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Immediate effects of alcohol on the brain and body

The first few drinks affect judgment and reaction time.
More alcohol causes reactions to become even more sluggish and delays physical coordination.
Far too much alcohol can suppress some body functions and, in extreme cases result in death.

The physical effects of alcohol

From the second you take your first sip, alcohol starts affecting your body and mind. After one or two drinks you may start feeling more sociable, but drink too much and basic human functions, such as walking and talking become much harder. You might also start saying things you don’t mean and behaving out of character. Some of alcohol’s effects disappear overnight – while others can stay with you a lot longer, or indeed become permanent.
If you’ve drunk heavily the night before, you’ll almost certainly wake up with a hangover. Alcohol irritates the stomach, so heavy drinking can cause sickness and nausea and sometimes diarrhoea. Alcohol also has a dehydrating effect, which is one reason why excessive drinking can lead to a thumping headache the morning after.


Drinking too much alcohol isn’t good for your skin either. As well as causing bloating and dark circles under your eyes, alcohol dries out your skin and can lead to wrinkles and premature aging. If you drink heavily you may develop acne rosacea, a skin disorder that starts with a tendency to blush and flush easily and can progress to facial disfiguration, a condition known as rhinophyma.

Alcohol poisoning

In the worst cases alcohol poisoning can cause lung damage (as you inhale your own vomit) and even lead to a heart attack.
Many traditional ‘cures’, such as drinking black coffee; just don’t work – or even make things worse.

Diseases and cancers

Liver disease
Liver disease used to affect mainly drinkers in middle age, but now sufferers are getting younger. Up to one in three adults drinks enough alcohol to be at risk of developing alcohol-related liver disease.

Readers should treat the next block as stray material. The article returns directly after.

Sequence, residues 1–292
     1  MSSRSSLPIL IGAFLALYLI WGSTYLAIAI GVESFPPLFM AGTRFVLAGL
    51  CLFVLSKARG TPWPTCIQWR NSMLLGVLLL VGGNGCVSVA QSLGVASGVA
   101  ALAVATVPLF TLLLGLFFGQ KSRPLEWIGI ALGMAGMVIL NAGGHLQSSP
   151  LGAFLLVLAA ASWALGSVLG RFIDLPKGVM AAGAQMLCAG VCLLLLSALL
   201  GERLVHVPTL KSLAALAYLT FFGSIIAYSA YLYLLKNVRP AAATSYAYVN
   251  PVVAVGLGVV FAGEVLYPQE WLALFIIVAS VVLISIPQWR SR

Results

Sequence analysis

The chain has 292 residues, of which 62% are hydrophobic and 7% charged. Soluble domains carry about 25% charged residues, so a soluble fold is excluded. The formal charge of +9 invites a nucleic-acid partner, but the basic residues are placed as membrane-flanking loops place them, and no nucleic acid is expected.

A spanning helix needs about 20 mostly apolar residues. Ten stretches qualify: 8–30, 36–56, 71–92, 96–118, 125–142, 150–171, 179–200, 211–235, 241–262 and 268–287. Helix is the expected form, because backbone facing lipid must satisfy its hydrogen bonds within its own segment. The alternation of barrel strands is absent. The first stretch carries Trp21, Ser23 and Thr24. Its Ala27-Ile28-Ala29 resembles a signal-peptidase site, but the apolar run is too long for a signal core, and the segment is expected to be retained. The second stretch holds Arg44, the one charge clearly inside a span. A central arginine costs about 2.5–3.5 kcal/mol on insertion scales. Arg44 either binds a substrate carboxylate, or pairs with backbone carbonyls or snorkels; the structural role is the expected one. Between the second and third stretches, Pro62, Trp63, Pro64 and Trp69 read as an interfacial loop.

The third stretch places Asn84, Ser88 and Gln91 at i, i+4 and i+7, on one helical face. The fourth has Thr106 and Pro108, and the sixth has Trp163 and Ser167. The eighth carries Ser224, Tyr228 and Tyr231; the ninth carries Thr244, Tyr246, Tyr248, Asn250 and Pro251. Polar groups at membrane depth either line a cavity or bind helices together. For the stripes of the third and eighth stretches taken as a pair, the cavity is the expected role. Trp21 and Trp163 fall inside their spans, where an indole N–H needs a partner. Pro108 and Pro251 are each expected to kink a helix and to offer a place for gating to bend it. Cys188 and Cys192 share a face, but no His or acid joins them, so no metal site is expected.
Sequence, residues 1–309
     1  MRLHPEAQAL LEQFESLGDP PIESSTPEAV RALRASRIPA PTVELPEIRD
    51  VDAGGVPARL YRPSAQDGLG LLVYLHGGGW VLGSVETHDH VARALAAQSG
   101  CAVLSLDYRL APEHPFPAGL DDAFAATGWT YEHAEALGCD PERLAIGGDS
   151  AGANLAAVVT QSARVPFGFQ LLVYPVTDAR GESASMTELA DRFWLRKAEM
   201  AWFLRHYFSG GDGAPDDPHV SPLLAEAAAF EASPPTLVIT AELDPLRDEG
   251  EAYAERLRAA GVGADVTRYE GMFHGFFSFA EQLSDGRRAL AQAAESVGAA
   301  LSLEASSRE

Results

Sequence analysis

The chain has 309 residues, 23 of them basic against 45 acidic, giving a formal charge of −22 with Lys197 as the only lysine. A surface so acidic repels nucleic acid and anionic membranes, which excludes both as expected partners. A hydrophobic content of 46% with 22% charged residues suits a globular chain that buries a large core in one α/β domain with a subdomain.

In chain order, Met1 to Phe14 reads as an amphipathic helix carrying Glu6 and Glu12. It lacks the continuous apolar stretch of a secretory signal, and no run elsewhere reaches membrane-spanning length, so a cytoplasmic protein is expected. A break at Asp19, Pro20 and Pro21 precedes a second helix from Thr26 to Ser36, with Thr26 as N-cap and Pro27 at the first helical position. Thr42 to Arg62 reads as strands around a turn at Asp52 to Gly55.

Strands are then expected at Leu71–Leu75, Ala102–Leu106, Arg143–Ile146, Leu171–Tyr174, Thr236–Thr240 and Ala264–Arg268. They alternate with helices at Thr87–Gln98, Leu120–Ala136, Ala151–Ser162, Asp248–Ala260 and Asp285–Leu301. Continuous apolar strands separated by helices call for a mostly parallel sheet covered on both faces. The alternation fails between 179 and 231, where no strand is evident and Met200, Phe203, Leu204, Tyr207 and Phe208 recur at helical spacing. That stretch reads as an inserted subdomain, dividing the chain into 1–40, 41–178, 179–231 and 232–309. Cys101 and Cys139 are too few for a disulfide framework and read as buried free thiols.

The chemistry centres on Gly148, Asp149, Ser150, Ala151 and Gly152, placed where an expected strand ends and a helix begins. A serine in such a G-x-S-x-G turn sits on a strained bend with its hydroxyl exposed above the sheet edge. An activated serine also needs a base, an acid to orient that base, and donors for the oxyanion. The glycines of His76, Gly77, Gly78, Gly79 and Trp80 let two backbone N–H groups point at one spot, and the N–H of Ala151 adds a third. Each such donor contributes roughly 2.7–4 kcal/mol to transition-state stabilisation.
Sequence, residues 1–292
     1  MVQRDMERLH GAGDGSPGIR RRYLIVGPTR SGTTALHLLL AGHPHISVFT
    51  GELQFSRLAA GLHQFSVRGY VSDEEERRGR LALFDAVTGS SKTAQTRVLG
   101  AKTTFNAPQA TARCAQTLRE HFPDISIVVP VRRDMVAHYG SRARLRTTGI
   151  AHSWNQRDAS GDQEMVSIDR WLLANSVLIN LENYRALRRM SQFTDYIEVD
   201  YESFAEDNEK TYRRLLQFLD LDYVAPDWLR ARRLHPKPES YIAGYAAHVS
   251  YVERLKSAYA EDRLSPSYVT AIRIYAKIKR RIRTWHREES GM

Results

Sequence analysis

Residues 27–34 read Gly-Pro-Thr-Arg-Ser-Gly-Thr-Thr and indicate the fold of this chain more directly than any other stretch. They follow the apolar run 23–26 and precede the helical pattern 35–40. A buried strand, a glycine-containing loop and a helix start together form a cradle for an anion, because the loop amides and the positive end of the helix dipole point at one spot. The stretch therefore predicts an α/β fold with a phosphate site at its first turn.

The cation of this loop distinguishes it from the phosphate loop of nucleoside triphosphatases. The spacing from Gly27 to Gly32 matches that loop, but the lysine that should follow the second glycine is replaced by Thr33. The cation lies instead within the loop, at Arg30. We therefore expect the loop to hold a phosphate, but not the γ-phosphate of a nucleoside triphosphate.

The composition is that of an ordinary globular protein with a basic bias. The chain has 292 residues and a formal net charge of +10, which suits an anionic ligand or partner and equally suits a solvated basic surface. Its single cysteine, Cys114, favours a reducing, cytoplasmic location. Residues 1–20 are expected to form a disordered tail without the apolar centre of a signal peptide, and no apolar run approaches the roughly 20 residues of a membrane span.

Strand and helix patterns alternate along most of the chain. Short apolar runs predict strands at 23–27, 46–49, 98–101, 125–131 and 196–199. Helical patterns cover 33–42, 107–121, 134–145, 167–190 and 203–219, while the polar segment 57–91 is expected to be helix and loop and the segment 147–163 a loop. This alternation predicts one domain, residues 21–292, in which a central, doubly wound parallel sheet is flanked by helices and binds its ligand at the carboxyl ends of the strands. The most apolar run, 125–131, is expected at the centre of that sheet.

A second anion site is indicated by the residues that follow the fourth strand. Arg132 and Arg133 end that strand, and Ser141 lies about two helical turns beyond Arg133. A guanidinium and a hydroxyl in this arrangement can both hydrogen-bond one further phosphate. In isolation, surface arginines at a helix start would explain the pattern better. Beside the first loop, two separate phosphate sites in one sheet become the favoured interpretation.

Alcohol misuse is an important factor in a number of cancers, including liver cancer and mouth cancer, both of which are on the increase. Alcohol is second only to smoking as a risk factor for oral and digestive tract cancers.
Evidence suggests that this is because alcohol breaks down into a substance called acetaldehyde, which can bind to proteins in the mouth. This can trigger an inflammatory response from the body – in the most severe cases, cancerous cells can develop.

Pancreatitis and diabetes

Chronic pancreatitis is another disease associated with heavy drinking. It’s caused when your pancreas becomes inflamed and cells become damaged. Diabetes is a common side effect of chronic pancreatitis. There’s evidence that heavy drinking can reduce the body’s sensitivity to insulin, which can trigger Type 2 diabetes.
For more information read our Alcohol and pancreatitis factsheet and Alcohol and diabetes factsheet.

Heart disease

While studies suggesting that alcohol can help heart disease often hit the headlines, the reality is that the jury’s still out on the extent of any benefits. And it is clear that any benefits which there may be are limited to very low levels of consumption – probably no more than 1 unit alcohol per day.

Mental health

Alcohol alters the brain’s chemistry and increases the risk of depression. It is often associated with a range of mental health problems A recent British survey found that people suffering from anxiety or depression were twice as likely to be heavy or problem drinkers.

Extreme levels of drinking (defined as more than 30 units per day for several weeks) can occasionally cause ‘psychosis’, a severe mental illness where hallucinations and delusions of persecution develop. Psychotic symptoms can also occur when very heavy drinkers suddenly stop drinking and develop a condition known as ‘delirium tremens’.

Heavy drinking often leads to work and family problems, which in turn can lead to isolation and depression. For heavy drinkers who drink daily and become dependent on alcohol, there can be withdrawal symptoms (nervousness, tremors, palpitations) which resemble severe anxiety, and may even cause phobias, such as a fear of going out.


If you drink large quantities of alcohol on a regular basis you run the risk of becoming addicted. This can have serious effects on their families, friends and partners, as well as their mental health.